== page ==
Wednesday, June 28, 2006

A Beautiful Neighborhood

Last night just before sunset, I wandered the few hundred yards to the Albertson's to pick up some food for dinner.

A bit dazed still from the day's events, I took my time noticing the sky as the sun was setting. Since the day was humid (it reminded me of those late June and July monsoon days in AZ) you could get a sense that there was going to be a great sunset. I shot a few images of the strong light hitting a business sign and the sky above it and then went about shopping...coming out about 10 minutes later, the sky had begun to start getting good.

The past few days I have been traveling with a little Canon point and shoot that literally slips in my cargo pocket. It's such an odd sensation given that for so many years the notion of taking photos meant doing it in such a public way -- one or two cameras hanging off my shoulders, large lenses letting everyone know, yep that's a professional photographer.

But traveling with a little point and shoot is liberating in so many ways. Shooting it makes me look and even feel a bit more like the amateur that I really am (but it never hurts to be reminded). I was opposed to using the viewscreen on the back, fearing it made me look like everyone else with a point and shoot. Well, it does and that's not so bad.

I can take photos and people don't really give me much of a thought because I'm just some guy with a point and shoot camera.

In the 30s, 35mm cameras probably were viewed with the same disdain by "the pros" using their 4 x 5 Speed Graphics or other larger format cameras that I have shown for the lowly point and shoot, but that didn't stop some of the great photo icons of that day like Henri Cartier-Bresson especially from making photos that live even today.

A good friend of mine, Vince Musi, made the observation that he thought the digital point and shoots were the Leicas of our generation and they certainly haven't stopped great photographers from making great photographs (check out some of Alex Majoli's work also on the site -- fine work and most of it shot recently with an Olympus point and shoot).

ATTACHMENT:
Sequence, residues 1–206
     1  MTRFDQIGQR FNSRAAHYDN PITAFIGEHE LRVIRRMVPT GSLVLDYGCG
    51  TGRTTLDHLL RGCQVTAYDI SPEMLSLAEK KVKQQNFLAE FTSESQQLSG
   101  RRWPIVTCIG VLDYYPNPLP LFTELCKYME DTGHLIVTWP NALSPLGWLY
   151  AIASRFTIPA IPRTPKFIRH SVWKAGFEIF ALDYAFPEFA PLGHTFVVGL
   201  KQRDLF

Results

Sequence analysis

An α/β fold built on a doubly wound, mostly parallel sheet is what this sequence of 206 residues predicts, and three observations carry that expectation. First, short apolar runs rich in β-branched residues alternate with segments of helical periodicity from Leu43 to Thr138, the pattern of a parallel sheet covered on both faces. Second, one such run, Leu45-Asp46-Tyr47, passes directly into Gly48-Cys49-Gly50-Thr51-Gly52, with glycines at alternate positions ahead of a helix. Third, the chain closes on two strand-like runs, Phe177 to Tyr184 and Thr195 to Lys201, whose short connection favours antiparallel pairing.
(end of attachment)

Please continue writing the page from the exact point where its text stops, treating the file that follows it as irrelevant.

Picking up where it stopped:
But the ease and simplicity of this little camera helped me to capture two of the beautiful things I saw yesterday my daughter Kate, sitting contentedly in her car sit by the front window or the sky at sunset even if my little walk about made our dinner a bit late and made Nicki wonder just where was I??

Just a Matter of Time....

Yesterday was a tough day in our family.

The family decision -- which was really my Mom's decision to honor Dad's wishes -- was that no artificial means will be used to prolong my Dad's life.

No feeding tube, no IV, nothing.

Even though his hastening death is something that we have all been preparing for since his stroke in 1999, how can you really prepare for the death of your father?

I was hoping that the feeding tube might be inserted and there might be a chance for "recovering" from this latest episode, but it is not what Dad wanted and I am okay with that as is everyone in the family. As hard as it is for us here to let go, we all know, deep down, that it is for the best.

He knows too. He won't open his mouth to be fed and strongly shook his head NO when my sister Mary asked him if he wanted a feeding tube implanted.

After seeing him just a couple of weeks ago here, there was a side of me that sensed as we said our goodbyes at the airport, that this was the last time I would see him alive.

But that didn't prepare me for the torrent of emotions that nearly doubled me over while my Mom informed me on the phone that no feeding tube would be implanted. She repeated it in a strong but calm voice almost to reassure her that she was doing the right thing (she is, I think) but almost as a way to say, Don't argue with me on this one thing (I won't).

Poor Kate, laying on her mat looking up at me with her eyes wide in horror could only wonder why is Dad crying?

In some ways it feels like the man that was my Dad died with the stroke and yet the man that was left is now about to pass on.

But he hadn't died, he just changed, and deep down in his soul he was always the Dad the we knew and that's the reason for the sadness.

So we are preparing for his death, and we don't know when, though we will probably head to Wisconsin on the Fourth of July or close to that time. It will be the first time Kate will meet her aunts, uncles and some of her cousins. A good thing to come from the sadness.

I've been looking through some photographs and want to dig out some photos of Dad before he had the stroke, when he was younger, more vital, always a hard worker. I've got a picture that I want to find that I made of him amidst the dust and swirling seeds at his warehouse when he was mixing a ton of grass seed. I don't know how many of those tons I had mixed when I was a kid and in college and I remember being taken by the beauty of the scene and yet I felt a sadness that here he was doing this work in his sixties.

But the real pictures of my Dad that were never photographed with a camera only rest in the back of my mind as great images of who he was.